Register to reply

Geodesics VS Projectile

by Black Integra
Tags: geodesics, projectile
Share this thread:
Black Integra
#1
Mar9-12, 04:37 AM
P: 56
Yes, I want to make sure that geodesics of a particle moving in curved space time is the same thing of projectile trajectories.
I start from assuming that [itex]1-\frac{2GM}{r}\approx1-2gr[/itex] and then calculate the schwarzschild metric in this form
[itex]\Sigma_{\mu\nu}=\begin{bmatrix}\sigma & 0\\ 0 & -\sigma^{-1}\end{bmatrix}[/itex] where [itex]\sigma = 1-2gr[/itex]

and I calculated for the Christoffel symbols for this metric:
[itex]\Gamma^0_{\mu\nu}=-\sigma g\begin{bmatrix}0 & 1\\ 1 & 0\end{bmatrix}[/itex]
[itex]\Gamma^1_{\mu\nu}=-\frac{g}{\sigma^2}\Sigma_{\mu\nu}[/itex]

I plugged them to a geodesics equation

[itex]\partial^2_\tau x^\mu = -\Gamma^\mu_{\alpha\beta}\partial_\tau x^\alpha\partial_\tau x^\beta[/itex]
where [itex]d\tau^2 = dx^\mu dx^\nu\Sigma_{\mu\nu}[/itex]

and I got these ugly conditions:
[itex]\partial^2_\tau t = \sigma\partial_\tau t\partial_\tau \sigma[/itex]
[itex]\partial^2_\tau \sigma = \frac{2g^2}{\sigma^2}[/itex]

what I expect is just something like
[itex]x=-\frac{g}{2}t^2[/itex]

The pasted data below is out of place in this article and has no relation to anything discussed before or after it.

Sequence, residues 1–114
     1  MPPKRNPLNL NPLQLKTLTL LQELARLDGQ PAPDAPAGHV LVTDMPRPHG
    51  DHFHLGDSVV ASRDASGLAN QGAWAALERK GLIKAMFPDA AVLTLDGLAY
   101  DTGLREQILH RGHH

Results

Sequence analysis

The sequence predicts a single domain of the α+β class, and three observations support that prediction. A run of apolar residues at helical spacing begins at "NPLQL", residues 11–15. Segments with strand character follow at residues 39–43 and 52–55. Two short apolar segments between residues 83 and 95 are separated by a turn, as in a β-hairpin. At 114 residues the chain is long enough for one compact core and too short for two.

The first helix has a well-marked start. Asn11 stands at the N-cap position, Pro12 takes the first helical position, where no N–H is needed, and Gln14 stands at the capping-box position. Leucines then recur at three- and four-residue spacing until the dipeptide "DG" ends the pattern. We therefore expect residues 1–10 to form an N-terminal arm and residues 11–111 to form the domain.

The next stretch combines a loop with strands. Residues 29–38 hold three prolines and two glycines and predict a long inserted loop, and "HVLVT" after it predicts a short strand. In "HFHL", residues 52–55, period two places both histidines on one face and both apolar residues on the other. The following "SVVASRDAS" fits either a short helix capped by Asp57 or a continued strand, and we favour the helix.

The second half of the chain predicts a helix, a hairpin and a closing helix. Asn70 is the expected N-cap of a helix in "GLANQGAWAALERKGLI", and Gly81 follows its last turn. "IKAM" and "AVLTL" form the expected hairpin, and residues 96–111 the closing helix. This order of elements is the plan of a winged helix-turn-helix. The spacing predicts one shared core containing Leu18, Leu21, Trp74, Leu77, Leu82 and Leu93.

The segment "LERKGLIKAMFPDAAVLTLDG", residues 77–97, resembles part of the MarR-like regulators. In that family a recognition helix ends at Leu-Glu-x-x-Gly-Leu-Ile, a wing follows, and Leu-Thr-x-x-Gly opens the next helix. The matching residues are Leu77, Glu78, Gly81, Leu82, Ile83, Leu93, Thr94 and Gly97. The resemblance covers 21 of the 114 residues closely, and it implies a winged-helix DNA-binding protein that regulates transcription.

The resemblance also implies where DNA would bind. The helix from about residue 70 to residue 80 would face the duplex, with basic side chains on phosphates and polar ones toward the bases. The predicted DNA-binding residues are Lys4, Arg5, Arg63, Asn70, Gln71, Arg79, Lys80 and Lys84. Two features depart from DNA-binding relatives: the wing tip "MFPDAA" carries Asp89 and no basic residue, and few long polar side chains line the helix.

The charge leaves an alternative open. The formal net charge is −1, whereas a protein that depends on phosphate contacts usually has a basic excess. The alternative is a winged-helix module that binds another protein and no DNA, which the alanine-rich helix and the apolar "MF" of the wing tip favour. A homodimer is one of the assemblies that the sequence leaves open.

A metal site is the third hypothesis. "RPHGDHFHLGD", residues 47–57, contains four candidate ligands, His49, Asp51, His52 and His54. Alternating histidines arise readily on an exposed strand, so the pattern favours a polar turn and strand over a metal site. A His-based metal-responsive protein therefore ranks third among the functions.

I havn't finished these differential equations yet. But I want to know that I'm going through the right track, right? Any suggestion?
Phys.Org News Partner Science news on Phys.org
NASA team lays plans to observe new worlds
IHEP in China has ambitions for Higgs factory
Spinach could lead to alternative energy more powerful than Popeye
bcrowell
#2
Mar9-12, 10:20 AM
Emeritus
Sci Advisor
PF Gold
bcrowell's Avatar
P: 5,582
In the level of approximation you're using, you might as well make your life easier and approximate [itex]\sigma^{-1}[/itex] as [itex]1+2gr[/itex]. I would also define a new coordinate [itex]\rho=gr[/itex] to avoid having to write all the factors of g.
Black Integra
#3
Mar10-12, 01:50 AM
P: 56
I can't see why we can assume that [itex]\sigma^{-1} = 1+2gr[/itex], they're not quitely equal.(at least at the earth's surface)

But i think i can apporximate σ to be -2gr because 1 is very small comparing with -2gr. But I still can't find a way to prove this.

Please, any can help me?

pervect
#4
Mar10-12, 05:14 AM
Emeritus
Sci Advisor
P: 7,596
Geodesics VS Projectile

Quote Quote by Black Integra View Post
I can't see why we can assume that [itex]\sigma^{-1} = 1+2gr[/itex], they're not quitely equal.(at least at the earth's surface)
It IS an approximation. The taylor series expansion of 1/(1-x) is 1+x+x^2 + o(x^3), basically. So if x is small, it's a good approximation.
Mentz114
#5
Mar10-12, 05:43 AM
PF Gold
P: 4,087
I don't think this approach can give the Newtonian result because you are using kinematic equations. The full equation for r is

[tex]
\ddot{r}=-\frac{\left( m\,{r}^{2}-4\,{m}^{2}\,r+4\,{m}^{3}\right) \,{\dot{t}}^{2}-m\,{r}^{2}\,{\dot{r}}^{2}}{{r}^{4}-2\,m\,{r}^{3}}
[/tex]
setting [itex]\dot{t}=1[/itex] and doing a Maclaurin-Taylor expansion of the RHS in m
[tex]